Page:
The state of Virginia is investigating Fairfax County Public Schools over allegations it has failed to provide equal learning opportunities to students with disabilities during the coronavirus shutdown, as mandated by state and federal law.

The Virginia Department of Education opened its investigation Monday, according to documents obtained by The Washington Post. The investigation is based on a complaint filed this month by five parents on behalf of their six children, all Fairfax County students with disabilities, including dyslexia and autism.

Under federal law, children with disabilities attending public school must receive a special course of instruction known as an Individual Education Plan, or IEP, meant to ensure they have the same learning opportunities as students without disabilities. But a few weeks after schools shut down, according to the complaint and other documents obtained by The Post, FCPS told parents it was pausing these plans until brick-and-mortar schooling resumes.

“Students have sustained lost educational opportunity where FCPS has materially failed to implement their IEPs,” the complaint says.

FCPS spokeswoman Lucy Caldwell said the school district, which educates 189,000 students across Northern Virginia — 28,400 of whom follow IEPs — has received the complaint and is reviewing it. She confirmed that IEPs “will be implemented when we resume school” and said officials are working to develop temporary learning schedules for these students in the interim.

The school district has until June 4 to respond. It can also try to reach an “early resolution” with the parents by that deadline, forestalling a formal investigation. If the investigation goes forward, FCPS may be forced to develop a plan to correct its violations, subject to approval from the education department. The district could also be required to award “compensatory services” to the complainants, including money.

Fairfax schools’ transition to distance learning has been plagued by privacy breaches, virtual harassment and technological failures. Caldwell said the district is doing its best to serve all students, including those with disabilities, but is hampered by the “constraints of distance learning.”

“The FCPS distance learning plan is not offering instruction in the same way or amount as during the school year,” Caldwell said, “and special-education services are not the same, either.”

As schools closed in March, the idea of trying to equitably serve special-education students so flummoxed some districts that they simply did not offer online learning. U.S. Education Secretary Betsy DeVos declined requests from some schools to waive requirements of the Individuals with Disabilities Education Act during the pandemic, saying districts would use “ingenuity, innovation, and grit” to find ways to serve those students.

Diane Smith Howard, managing attorney for criminal and juvenile justice at the National Disability Rights Network, said the investigation of Fairfax County is the first of its kind her organization is aware of nationwide. But more are likely to follow, she predicted, because so many districts are struggling to serve children with disabilities. While some districts have come up with innovative solutions to continue special education — such as holding speech therapy sessions via videoconference — others are “basically trying to dodge the law,” Howard said.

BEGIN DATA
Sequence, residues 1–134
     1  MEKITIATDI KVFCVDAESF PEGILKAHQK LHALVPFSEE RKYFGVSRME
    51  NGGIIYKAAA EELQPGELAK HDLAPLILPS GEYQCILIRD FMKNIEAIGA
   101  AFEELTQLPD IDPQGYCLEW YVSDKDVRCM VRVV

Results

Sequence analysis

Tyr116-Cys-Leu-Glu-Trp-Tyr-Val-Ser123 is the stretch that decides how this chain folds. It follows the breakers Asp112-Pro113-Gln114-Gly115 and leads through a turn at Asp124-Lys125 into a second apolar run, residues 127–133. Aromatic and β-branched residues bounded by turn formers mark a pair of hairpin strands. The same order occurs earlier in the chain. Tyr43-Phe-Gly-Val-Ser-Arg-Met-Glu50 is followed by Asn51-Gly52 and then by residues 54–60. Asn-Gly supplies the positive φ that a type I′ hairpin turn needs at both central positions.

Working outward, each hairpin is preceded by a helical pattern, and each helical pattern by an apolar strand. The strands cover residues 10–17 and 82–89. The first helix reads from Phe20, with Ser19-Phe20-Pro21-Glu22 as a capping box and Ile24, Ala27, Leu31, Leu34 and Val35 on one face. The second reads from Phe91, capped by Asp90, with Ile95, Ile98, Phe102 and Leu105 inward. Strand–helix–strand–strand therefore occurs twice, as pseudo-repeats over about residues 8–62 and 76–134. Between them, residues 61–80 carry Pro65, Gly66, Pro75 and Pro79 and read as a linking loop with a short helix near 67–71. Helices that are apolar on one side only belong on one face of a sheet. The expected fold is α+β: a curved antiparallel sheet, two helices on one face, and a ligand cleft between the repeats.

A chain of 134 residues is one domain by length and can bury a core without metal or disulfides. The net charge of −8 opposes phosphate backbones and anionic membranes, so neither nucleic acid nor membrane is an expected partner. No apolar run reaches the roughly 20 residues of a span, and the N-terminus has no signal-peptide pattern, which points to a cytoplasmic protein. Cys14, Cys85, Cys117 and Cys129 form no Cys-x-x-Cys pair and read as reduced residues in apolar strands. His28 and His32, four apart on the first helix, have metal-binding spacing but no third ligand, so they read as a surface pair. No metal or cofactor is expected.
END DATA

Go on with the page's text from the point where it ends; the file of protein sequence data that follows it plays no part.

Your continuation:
“Either it’s school or it’s not,” Howard said. “There’s not a middle range where you can supply school to some kids and not others.”

One of the parents who filed the complaint, a mother of a high school student with dyslexia, said the quality of her child’s education has seriously diminished since schools closed in mid-March.

The parent, who spoke on the condition of anonymity to protect her son’s privacy, said her son used to receive hours of specialized instruction from teachers in most of his classes. After the closures, he signed into an online class and tried his best to follow along, largely without assistance.

“The extent of the services that my son was receiving was that a special-education teacher was logged on [to video class] while the general-education teacher teaches,” the parent said. “How can that be considered a service? She’s literally just there, breathing.”

On April 28, her son’s case manager emailed to say the school was developing a “Temporary Learning Plan” or TLP, a phrase the parent had never heard of before. The plan would not replace the IEP, the case manager wrote, but would “reflect the changes in educational delivery from in person classes to online classes.”

The email also announced that “once schools physically reopen, your child’s IEP will resume.”

Caldwell said the district decided to offer TLPs on the recommendation of its legal counsel. She said the plans reflect “what is feasible to provide to students with disabilities within the . . . distance learning format.” The school system had completed plans for 16,814 students as of Monday afternoon, she said. One hundred and six parents have declined to agree to a TLP.

The mother wrote back to her son’s case manager insisting he needed his “full IEP,” although she was willing to work with school staffers to develop unorthodox fixes for services impossible to offer remotely. A few days later his TLP arrived. It was a “bastardized version” of his IEP, the mother said, lacking concrete goals for improvement and essentially suggesting taking part in virtual office hours for help.

A few days after that, the mother decided to join with other parents in filing a complaint.